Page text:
HL Chesworth

Helpful votes received on reviews: 100% (69 of 69)


Top Reviewer Ranking: 374,117 - Total Helpful Votes: 69 of 69
The Female Few: Spitfire Heroines of the Air Trans&hellip by Jacky Hyams
Having known nothing about the role of the Air Transport Auxiliary during the Second World War, I was very interested in this account of the part played by a group of spirited and courageous women pilots who ferried planes from factories and repair centres to the bases from which male pilots would be flying them into battle.
Based on interviews with five ATA survivors, the book not only creates a vivid picture of the work done by these long-lived women during the war. Their stories, as told to Jack Hyams, provide a fascinating record of changes in life-styles and attitudes over the past seventy years; and this was, for me, the most interesting aspect of The Female Few.
Bombsites and Lollipops: My 1950s East End Childho&hellip by Jacky Hyams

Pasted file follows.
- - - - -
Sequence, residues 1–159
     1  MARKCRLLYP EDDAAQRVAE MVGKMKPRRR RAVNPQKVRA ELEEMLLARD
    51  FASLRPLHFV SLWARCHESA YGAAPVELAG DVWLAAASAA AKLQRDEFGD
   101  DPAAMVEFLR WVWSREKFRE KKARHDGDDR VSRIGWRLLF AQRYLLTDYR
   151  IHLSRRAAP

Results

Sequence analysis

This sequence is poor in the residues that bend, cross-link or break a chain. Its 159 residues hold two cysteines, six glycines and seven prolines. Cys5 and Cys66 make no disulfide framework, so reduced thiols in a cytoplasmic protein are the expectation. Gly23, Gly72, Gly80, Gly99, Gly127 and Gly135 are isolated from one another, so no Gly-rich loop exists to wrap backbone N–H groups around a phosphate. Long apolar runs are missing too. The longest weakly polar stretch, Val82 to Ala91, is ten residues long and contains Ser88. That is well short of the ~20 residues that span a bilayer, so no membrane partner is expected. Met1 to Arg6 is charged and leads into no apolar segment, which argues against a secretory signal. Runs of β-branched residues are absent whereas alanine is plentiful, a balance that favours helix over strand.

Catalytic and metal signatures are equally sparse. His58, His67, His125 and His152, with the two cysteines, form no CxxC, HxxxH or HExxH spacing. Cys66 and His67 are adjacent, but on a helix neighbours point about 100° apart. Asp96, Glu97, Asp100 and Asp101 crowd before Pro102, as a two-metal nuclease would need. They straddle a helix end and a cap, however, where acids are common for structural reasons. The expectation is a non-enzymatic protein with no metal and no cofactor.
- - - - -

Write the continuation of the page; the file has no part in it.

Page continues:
69 of 69 people found the following review helpful
Bombsite and Lollipops tells the story of the author's childhood in Hackney, north-east London, in the years following the Second World War: an age of shortages, rationing, queues, power-cuts, cold and all-pervasive greyness. She grows up in a slum scarred by bomb damage, in a flat in a block with a stinking rubbish chute, but the life that she and her parents lead is way out of the ordinary. Her father, known as Ginger Sid, is a street bookie with a string of shady contacts - he and her mother at one point attend a party given by the Krays - and the family eat well (thanks to the Black Market), dress stylishly, employ a cleaner and a baby-sitter and are driven in a Daimler when they go for… Read more